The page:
Answered By: Monique Ritchie Last Updated: 24 Aug, 2015 Views: 62
Quoting from any type of third party copyright work without having to ask permission from the copyright owner may be possible in certain circumstances.
The relevant exception in the Copyright, Designs and Patents Act 1988 (amended 2014) is S.30 Criticism, review, quotation and news reporting. Under this exception, quoting from any type of work is allowed for criticism and review of a work, a related work, or a performance of the work provided:
- the source is properly acknowledged, for example, by using quotation marks and referencing the source appropriately, unless this is impracticable;
- the original work has been made lawfully available to the public;
- the use of the quotation is fair dealing (i.e. insubstantial and does not harm the rights owner's interests or right to profit from the work);
- the amount quoted is no more than is specifically required for the purpose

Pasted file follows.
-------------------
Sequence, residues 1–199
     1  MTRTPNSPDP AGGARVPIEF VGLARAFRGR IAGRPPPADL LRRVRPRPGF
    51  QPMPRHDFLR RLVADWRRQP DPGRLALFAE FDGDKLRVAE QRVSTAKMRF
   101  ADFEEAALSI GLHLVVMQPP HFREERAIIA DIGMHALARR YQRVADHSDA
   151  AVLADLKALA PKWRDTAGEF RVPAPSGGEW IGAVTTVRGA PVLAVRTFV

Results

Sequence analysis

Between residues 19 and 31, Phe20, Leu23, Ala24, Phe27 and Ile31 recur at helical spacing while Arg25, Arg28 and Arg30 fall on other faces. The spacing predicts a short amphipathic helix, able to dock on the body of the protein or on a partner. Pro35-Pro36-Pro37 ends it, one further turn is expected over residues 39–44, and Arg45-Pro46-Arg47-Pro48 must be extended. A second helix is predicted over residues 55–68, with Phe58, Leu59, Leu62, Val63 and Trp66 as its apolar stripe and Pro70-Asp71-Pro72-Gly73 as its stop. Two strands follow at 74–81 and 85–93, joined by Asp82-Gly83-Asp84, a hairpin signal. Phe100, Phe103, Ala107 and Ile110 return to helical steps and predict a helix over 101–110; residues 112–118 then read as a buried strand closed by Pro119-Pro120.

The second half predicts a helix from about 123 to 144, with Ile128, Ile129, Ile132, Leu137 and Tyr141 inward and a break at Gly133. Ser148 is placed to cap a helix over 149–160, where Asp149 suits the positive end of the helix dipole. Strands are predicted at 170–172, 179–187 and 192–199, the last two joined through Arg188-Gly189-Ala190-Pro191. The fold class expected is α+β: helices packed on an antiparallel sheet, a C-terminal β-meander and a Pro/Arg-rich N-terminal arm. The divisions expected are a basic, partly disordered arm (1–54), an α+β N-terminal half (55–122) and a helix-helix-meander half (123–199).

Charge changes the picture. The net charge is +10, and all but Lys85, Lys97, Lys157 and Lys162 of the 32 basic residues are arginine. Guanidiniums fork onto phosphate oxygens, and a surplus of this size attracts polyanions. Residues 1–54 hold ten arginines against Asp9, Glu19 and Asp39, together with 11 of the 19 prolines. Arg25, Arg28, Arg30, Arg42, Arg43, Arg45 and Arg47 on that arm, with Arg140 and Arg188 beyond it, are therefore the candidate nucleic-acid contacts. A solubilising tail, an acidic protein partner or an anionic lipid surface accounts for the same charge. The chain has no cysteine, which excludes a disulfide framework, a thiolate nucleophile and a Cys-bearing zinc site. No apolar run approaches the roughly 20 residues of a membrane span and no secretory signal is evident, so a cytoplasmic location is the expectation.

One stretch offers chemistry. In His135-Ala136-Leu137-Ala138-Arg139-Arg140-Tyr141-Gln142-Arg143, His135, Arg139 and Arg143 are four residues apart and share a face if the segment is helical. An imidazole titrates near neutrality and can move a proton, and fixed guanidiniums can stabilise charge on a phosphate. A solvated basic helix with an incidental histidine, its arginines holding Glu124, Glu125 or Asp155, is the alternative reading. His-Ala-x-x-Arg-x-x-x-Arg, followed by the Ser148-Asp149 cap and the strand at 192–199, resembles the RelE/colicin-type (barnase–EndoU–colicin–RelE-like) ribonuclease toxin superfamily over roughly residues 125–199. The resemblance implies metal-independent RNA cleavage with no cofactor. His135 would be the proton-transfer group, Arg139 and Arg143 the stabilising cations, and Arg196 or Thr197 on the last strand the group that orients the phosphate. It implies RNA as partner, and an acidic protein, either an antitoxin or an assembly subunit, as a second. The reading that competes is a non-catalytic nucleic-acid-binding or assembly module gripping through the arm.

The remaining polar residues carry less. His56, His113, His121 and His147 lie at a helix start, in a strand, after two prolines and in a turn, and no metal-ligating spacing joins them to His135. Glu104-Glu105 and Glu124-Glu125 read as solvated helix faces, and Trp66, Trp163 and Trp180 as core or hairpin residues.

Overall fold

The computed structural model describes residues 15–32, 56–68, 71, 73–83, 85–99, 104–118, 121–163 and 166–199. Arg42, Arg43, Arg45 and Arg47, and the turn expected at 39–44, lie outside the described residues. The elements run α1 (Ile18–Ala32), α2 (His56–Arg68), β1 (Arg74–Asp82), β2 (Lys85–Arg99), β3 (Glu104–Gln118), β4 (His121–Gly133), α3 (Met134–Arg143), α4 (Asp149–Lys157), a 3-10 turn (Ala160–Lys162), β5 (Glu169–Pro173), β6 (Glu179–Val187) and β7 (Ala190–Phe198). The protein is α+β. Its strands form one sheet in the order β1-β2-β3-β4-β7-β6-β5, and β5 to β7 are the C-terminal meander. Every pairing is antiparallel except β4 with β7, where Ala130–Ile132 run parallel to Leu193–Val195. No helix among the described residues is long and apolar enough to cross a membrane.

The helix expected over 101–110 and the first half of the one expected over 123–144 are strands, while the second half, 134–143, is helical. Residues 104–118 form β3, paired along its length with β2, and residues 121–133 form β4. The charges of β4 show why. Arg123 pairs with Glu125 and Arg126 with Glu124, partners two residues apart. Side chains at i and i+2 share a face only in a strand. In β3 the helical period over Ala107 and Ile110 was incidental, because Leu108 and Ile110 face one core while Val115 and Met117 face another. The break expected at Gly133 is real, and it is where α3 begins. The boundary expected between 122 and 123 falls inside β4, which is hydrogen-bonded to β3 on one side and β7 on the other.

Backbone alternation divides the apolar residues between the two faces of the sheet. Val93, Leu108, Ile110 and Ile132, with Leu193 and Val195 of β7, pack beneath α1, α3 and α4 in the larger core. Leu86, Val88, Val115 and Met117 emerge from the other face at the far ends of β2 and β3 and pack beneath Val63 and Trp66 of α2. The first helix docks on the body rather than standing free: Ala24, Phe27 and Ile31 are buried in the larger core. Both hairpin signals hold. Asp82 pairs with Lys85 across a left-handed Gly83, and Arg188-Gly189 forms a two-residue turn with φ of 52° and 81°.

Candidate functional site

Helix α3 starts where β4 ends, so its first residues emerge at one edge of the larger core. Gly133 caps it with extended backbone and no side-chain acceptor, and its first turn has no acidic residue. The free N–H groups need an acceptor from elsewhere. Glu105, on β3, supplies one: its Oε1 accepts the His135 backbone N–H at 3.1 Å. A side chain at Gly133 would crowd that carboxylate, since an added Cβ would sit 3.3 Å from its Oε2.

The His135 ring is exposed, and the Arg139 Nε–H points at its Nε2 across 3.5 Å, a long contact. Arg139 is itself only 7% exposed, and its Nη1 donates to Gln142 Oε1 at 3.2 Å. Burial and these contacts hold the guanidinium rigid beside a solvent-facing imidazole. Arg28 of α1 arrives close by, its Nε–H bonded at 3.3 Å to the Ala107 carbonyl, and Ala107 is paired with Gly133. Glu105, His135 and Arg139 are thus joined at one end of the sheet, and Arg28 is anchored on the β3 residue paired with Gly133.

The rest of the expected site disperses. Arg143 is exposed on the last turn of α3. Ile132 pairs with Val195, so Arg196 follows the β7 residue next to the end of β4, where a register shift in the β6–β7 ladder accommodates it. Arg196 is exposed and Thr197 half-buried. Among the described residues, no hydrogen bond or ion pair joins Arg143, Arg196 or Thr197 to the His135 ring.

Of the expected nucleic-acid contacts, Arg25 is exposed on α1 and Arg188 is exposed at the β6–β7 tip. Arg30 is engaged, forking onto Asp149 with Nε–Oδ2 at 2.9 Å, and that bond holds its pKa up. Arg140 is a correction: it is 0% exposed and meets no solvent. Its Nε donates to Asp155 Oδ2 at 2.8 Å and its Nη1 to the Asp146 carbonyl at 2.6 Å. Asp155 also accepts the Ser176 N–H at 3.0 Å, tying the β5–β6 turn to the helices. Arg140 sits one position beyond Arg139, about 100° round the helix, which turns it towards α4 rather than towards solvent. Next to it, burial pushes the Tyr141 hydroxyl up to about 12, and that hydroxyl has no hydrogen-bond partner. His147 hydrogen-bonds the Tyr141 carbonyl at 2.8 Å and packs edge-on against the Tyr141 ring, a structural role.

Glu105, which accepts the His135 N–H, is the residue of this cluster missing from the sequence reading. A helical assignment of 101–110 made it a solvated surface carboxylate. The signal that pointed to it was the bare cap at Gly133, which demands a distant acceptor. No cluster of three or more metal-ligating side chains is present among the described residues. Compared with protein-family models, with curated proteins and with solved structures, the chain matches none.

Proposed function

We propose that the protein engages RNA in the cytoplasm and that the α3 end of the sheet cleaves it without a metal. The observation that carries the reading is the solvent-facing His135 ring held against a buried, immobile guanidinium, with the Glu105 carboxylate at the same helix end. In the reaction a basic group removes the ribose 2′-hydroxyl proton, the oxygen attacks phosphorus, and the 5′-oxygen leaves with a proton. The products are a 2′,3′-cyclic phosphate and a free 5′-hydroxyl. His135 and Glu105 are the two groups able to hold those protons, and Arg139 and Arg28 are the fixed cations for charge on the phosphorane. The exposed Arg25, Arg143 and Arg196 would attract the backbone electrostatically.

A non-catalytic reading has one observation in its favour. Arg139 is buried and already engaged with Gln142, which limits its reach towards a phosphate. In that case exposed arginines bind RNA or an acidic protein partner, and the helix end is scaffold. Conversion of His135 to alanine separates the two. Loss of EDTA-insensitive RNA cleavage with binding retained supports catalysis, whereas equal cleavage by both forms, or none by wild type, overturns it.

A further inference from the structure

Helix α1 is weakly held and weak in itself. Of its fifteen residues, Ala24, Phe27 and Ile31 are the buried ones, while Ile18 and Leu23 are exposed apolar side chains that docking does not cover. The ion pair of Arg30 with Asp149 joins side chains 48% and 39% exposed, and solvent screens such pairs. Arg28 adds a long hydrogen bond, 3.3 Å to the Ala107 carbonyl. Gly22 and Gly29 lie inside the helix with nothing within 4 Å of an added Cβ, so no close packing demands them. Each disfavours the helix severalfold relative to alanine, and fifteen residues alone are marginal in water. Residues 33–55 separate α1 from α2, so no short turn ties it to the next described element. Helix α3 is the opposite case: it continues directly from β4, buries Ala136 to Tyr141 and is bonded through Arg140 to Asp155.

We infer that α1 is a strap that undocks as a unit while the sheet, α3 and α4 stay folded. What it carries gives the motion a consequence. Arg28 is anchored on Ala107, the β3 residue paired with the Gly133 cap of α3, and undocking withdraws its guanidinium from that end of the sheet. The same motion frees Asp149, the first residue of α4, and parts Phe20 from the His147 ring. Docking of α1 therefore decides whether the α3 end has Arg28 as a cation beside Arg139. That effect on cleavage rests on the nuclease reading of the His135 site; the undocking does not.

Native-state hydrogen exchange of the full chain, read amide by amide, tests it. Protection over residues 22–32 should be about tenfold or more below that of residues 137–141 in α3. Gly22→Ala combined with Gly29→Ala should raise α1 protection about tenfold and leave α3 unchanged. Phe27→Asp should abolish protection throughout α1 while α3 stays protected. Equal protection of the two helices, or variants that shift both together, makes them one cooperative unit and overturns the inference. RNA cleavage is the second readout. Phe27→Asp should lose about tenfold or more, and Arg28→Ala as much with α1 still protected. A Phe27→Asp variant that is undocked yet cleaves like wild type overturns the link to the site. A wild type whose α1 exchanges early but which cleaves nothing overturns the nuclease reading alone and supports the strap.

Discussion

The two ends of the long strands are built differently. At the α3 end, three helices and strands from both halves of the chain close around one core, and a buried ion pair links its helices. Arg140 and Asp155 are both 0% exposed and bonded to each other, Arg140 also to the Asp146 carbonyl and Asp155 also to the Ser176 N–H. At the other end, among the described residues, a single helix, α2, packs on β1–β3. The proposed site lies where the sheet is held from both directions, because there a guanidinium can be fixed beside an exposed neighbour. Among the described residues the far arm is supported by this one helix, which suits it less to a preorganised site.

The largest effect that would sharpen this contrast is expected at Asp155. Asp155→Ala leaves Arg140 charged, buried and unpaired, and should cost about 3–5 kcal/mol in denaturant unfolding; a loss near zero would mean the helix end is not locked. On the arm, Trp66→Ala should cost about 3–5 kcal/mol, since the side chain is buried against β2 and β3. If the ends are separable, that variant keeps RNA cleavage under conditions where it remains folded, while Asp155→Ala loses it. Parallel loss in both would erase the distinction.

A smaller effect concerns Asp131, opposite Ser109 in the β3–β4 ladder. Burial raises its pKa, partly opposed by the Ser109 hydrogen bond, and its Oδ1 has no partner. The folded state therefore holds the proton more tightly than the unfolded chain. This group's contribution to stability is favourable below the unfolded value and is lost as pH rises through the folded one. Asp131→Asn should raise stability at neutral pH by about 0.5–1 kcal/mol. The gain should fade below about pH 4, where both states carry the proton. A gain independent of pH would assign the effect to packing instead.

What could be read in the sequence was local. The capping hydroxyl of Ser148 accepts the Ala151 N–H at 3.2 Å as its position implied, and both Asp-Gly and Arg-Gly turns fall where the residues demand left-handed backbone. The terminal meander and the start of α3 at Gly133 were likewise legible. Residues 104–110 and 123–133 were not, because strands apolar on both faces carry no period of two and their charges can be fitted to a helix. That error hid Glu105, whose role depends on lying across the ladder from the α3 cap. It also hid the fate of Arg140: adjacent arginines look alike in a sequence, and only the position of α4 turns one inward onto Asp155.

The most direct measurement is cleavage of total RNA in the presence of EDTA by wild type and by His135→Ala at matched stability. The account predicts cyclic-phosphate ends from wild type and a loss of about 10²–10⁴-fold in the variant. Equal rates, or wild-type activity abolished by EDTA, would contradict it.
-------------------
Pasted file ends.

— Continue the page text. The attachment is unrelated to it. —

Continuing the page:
Quotations can be used in scholarly publishing, theses and dissertations, and other provided they meet all the above criteria, without the need to seek permission from the copyright owner, as S.30 (1ZA) expands the use of quotations from criticism or review to other purposes.
Making a work available to the the public is defined in S.30 (1A). This includes issuing, renting, lending or communicating copies to the public, performing or displaying the work in public or any other means. Therefore any work which is open to public consultation, even by appointment e.g. in special collections or archives would count as having been made available to the public, provided it has been made lawfully available.
The terms of the exception apply, irrespective of any contract which limits or restricts acts permitted by the exception.
The wording of the exceptions is currently available via an unofficial illustrative draft until the government has completed the amendment of the official legislative text following amendments to copyright law made in 2014. See the links below.
Guidance from the Intellectual Property Office (IPO) may also be useful. Quotation is specifically mentioned in Exceptions to copyright: research, pg. 11.( See Changes to copyright law). Quoting from images is recognised by the IPO as being a particular issue. While S.30 does not exclude images, the IPO guidance suggests that it is unlikely that you can quote from an image, as images are often wholly reproduced. Therefore, permission is often required and recommended for images.
See also the guidance on fair dealing below.